The opinion of the court was delivered by: WARD
Plaintiff, a resident of New York, brings this diversity action to recover for personal injuries sustained in a motor vehicle accident which occurred in Georgia. Defendant Kimberly A. Niedermeyer Stewart ("Stewart"), an Alabama resident, is the owner of the vehicle allegedly driven by defendant Frederick H. Niedermeyer ("Niedermeyer"), a resident of South Carolina, at the time of the accident.
Defendants move pursuant to Rule 12(b)(3), Fed.R.Civ.P., to dismiss for improper venue or, alternatively, pursuant to 28 U.S.C. § 1404(a) to transfer this action to the Middle District of Georgia. Because venue is proper in this district and because neither the interest of justice nor the overall convenience of the parties and their witnesses would be served by a transfer, the motion is denied.
The contention that venue does not lie in this district may be disposed of easily. A civil action founded on diversity jurisdiction may be brought in the judicial district where all plaintiffs or, as in this case, the sole plaintiff reside. 28 U.S.C. § 1391(a). Defendants do not dispute plaintiff's representation that he is a resident of Westchester County, New York. Inasmuch as plaintiff's county of residence is within the Southern District of New York, venue properly lies in this district.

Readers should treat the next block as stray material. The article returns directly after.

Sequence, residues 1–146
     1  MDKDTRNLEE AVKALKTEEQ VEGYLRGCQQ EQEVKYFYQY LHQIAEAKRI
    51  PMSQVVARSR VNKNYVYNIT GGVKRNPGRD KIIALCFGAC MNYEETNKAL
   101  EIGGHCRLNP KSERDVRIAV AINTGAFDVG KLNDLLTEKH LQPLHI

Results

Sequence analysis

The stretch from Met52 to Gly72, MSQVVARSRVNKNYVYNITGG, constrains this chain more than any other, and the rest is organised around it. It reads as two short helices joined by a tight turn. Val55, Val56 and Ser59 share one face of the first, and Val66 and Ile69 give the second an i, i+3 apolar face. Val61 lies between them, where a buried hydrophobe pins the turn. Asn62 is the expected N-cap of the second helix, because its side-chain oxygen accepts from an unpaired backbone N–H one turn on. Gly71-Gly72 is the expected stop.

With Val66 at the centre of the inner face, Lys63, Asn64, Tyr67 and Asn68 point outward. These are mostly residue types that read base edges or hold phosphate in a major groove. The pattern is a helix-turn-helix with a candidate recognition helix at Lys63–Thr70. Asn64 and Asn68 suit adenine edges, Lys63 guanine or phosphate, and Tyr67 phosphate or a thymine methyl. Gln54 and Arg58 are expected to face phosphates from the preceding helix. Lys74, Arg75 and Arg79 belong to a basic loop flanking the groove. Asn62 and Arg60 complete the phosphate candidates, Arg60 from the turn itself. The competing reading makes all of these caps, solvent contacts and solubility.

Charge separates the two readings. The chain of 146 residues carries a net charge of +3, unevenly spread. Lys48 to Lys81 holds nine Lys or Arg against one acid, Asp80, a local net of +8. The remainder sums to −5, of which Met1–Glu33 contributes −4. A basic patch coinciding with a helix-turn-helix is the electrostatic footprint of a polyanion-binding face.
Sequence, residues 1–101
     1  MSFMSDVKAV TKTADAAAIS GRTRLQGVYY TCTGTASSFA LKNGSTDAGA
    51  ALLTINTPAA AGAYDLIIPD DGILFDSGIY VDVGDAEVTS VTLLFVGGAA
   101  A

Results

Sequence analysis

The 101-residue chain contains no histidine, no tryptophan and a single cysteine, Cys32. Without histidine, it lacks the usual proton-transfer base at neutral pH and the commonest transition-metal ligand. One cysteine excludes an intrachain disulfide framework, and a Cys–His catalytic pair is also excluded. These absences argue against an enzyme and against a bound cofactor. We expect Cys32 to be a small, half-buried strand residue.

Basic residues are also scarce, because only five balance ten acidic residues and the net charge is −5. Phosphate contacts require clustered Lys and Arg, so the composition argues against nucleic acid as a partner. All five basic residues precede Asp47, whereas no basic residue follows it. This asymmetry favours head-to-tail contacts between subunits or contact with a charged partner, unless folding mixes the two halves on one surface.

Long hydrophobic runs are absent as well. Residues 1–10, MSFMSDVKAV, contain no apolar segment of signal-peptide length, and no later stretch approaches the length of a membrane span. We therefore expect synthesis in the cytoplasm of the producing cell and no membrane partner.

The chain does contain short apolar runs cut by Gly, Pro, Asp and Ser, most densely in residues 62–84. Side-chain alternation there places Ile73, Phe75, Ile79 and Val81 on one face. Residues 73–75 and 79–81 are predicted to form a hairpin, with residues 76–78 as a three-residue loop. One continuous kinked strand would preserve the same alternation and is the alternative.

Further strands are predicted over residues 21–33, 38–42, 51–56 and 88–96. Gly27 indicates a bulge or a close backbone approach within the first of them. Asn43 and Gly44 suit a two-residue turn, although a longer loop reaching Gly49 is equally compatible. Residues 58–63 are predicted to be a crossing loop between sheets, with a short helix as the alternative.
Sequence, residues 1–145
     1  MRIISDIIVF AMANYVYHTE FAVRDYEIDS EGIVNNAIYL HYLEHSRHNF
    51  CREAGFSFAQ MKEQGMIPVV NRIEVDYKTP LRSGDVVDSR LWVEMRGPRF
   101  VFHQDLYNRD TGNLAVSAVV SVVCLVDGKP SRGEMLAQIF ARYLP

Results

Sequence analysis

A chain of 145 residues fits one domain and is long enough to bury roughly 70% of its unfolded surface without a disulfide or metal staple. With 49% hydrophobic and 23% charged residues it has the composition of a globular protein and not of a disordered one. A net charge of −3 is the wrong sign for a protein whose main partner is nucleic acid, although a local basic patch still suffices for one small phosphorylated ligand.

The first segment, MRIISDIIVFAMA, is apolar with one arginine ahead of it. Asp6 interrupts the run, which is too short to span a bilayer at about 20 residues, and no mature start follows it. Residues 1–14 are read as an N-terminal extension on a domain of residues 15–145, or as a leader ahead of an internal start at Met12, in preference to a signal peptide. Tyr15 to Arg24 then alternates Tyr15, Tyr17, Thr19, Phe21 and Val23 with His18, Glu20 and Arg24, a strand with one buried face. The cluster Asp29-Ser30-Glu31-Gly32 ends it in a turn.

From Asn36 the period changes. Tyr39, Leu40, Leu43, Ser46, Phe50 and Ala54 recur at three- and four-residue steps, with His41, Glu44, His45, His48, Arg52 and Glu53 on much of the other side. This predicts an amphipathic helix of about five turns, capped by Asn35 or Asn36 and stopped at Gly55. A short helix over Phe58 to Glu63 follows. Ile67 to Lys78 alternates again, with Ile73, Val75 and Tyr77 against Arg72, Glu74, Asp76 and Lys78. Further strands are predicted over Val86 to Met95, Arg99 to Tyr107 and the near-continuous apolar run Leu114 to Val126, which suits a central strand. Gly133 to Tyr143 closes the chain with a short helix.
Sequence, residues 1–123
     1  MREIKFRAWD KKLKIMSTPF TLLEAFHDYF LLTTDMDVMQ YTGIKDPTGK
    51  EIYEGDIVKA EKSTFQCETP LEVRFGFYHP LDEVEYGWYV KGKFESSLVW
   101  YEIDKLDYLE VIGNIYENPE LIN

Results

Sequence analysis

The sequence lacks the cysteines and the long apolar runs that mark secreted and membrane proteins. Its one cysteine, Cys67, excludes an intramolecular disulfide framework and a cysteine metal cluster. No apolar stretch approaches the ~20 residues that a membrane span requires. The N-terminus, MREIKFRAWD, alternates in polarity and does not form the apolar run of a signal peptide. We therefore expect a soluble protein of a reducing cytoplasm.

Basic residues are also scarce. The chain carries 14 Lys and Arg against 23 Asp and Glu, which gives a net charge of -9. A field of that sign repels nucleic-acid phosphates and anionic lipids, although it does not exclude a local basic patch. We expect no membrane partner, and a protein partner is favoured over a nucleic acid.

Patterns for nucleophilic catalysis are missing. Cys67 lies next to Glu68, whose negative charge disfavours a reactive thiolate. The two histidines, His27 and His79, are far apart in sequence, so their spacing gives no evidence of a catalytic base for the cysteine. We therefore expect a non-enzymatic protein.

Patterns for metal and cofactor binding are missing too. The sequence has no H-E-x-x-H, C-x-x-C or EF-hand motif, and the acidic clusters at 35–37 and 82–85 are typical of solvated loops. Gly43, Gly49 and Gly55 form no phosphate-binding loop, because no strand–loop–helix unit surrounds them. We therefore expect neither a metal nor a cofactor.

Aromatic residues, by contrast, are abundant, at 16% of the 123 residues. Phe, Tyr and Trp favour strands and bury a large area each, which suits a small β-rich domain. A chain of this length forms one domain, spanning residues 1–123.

Pursuant to 28 U.S.C. § 1404(a) the Court may, in its discretion, transfer this action "to any other district or division where it might have been brought" if such a transfer would serve the interest of justice and prove convenient to the parties and their witnesses. Since defendants Stewart and Niedermeyer are residents of different states, the only district where this action might have been brought, other than the Southern District of New York, is the district in which the claim arose. 28 U.S.C. § 1391(a). The Middle District of Georgia, presumably, is where the accident occurred and thus where the claim arose.
Plaintiff, however, contends that even though the accident occurred in Georgia conceivably this action could not have been brought there initially, as required for transfer under section 1404(a), because a Georgia federal court may not be able to obtain personal jurisdiction over defendant Stewart under the law of that state. Where there is doubt about the ability to obtain personal jurisdiction in the transferee district, plaintiff argues, an application for a section 1404(a) change of venue should be denied. Although there appears to be merit to this contention, see Hoffman v. Blaski, 363 U.S. 335, 343-344, 80 S. Ct. 1084, 1089-90, 4 L. Ed. 2d 1254 (1960), and Foster-Milburn Co. v. Knight, 181 F.2d 949, 952 (2d Cir. 1950), in view of the Court's determination that a section 1404(a) transfer is not appropriate even assuming a Georgia court can obtain personal jurisdiction over defendants, this issue need not be reached.